Welcome to my blog, aka my place to comment and reflect on things I find inspiring, amusing, irritating, or baffling. When I was young, my Stanford PhD, former physics professor, software engineer father used to help me with my math homework, and I, being mentally deficient in all things math, could never quite get it. He would constantly say to me, "Jill, it's not rocket science." (Did I mention the PhD was in Aeronautics and Astronautics??) So I thought it would be an appropriate title for this blog because everything I write about is, indeed, not rocket science.

Thursday, September 13, 2012

A Mini History Lesson: Native American History

I took a Native American history class from one of my favorite professors at San Jose State, and I just came across my notes from one of his lectures. Time for another mini history lesson! 

Indian history (yes, it's acceptable to use the word "Indian." As my professor explained, Indians don't care what other people call them; they call themselves Sioux, Dakota, Cheyenne, Lakota, and so on) is a challenging field because Indians do not have a written history - it's oral, passed from generation to generation. And oftentimes, one must earn the trust of a person(s) to gain access to a tribe's resources (something about Indians not trusting outsiders - hmmm, I can't imagine why?). Native American history was not my specialty, but I sure did love it. It's complex, challenging, fascinating, and oftentimes frustrating and heartbreaking. 

One of my favorite comments people make when referring to Indian history and the constant, too-often bloody conflict with whites is, "Why didn't all the Indians just band together and fight the Americans?" This would be like asking, "Why don't the Palestinians and Israelis just band together and settle their differences?" We know that that is a ridiculous thing to say, and the same is true of the preceding question. This misguided question assumes that a) all tribes were the same, b) all tribes got along, c) all tribes shared the same interests, and d) all tribes agreed upon the method in which to deal with white intrusion.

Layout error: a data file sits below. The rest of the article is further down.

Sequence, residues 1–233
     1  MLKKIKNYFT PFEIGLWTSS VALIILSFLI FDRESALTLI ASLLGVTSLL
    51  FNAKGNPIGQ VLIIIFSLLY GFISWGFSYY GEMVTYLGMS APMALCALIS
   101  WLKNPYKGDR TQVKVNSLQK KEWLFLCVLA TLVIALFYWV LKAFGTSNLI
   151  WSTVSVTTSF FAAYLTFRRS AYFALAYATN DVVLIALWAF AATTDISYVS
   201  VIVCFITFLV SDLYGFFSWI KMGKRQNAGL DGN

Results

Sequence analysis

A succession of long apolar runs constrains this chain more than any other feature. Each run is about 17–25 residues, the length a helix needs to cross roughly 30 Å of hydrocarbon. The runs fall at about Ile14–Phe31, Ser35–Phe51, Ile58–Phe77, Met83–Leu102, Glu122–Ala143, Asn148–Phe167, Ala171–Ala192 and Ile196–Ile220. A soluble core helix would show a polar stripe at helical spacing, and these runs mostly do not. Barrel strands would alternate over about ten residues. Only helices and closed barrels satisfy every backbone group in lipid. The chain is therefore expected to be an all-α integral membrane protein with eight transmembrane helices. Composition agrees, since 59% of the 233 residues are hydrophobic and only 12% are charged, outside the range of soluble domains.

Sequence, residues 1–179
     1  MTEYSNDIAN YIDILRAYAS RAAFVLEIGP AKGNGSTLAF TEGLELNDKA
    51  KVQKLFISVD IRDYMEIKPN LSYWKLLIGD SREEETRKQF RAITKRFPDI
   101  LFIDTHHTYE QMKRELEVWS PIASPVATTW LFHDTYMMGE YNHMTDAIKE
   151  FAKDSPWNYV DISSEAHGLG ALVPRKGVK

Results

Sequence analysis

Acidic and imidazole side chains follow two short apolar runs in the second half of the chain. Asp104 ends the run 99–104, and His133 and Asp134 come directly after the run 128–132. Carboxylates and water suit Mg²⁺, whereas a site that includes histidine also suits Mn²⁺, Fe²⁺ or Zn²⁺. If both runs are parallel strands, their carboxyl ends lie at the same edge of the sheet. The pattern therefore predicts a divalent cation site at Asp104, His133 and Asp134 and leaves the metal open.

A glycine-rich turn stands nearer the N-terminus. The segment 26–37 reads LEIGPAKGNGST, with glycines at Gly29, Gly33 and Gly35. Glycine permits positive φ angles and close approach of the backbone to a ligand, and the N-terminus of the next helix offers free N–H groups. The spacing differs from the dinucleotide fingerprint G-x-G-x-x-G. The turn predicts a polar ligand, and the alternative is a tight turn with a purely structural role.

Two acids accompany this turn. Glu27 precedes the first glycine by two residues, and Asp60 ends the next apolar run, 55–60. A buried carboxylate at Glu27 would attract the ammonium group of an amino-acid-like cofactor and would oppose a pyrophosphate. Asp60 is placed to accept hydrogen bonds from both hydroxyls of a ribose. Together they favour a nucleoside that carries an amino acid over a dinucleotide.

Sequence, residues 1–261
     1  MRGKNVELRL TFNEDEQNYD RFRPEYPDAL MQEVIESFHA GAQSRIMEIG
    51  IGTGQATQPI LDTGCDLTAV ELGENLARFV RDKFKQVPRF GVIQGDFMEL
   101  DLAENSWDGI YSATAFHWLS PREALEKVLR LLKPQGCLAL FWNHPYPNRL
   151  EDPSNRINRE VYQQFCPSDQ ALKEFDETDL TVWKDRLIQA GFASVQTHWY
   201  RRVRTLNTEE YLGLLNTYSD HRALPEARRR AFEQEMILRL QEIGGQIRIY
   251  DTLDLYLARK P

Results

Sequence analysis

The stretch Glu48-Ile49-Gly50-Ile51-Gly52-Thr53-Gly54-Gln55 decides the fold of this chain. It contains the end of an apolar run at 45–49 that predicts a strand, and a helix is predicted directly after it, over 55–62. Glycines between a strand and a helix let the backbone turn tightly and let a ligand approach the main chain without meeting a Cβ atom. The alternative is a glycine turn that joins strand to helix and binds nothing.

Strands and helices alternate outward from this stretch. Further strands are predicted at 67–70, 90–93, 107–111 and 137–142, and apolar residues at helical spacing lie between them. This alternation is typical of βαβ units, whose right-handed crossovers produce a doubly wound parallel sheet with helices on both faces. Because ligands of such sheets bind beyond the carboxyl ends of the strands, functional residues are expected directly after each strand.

The word "Indian" is all-encompassing, but as you may have gathered, there are hundreds of Indian tribes, each with their own language, customs, traditions, histories, and they are scattered all over the United States. It is ridiculous to think that they could have just set aside their differences (many tribes hated each other), formed a giant army (how would this have been logistically possible?), and fought "the white man" (who had superior weaponry). It's fun to think about, but it is the stuff of fantasy (it reminds me of a Quentin Tarantino movie, on par with Django Unchained or Inglourious Basterds). And don't forget, more Indians died from European diseases (small pox, influenza, plague, etc.) than from bloodshed. 

(Fun fact: we always associate Indians with horses (think every Western movie), riding gallantly towards battle with their faces painted and battle dress on, but it was actually the Spanish who introduced the domesticated horse to the Americas in the 1500s.)

1 comment:

  1. So fascinating. I love Jill's mini history lessons!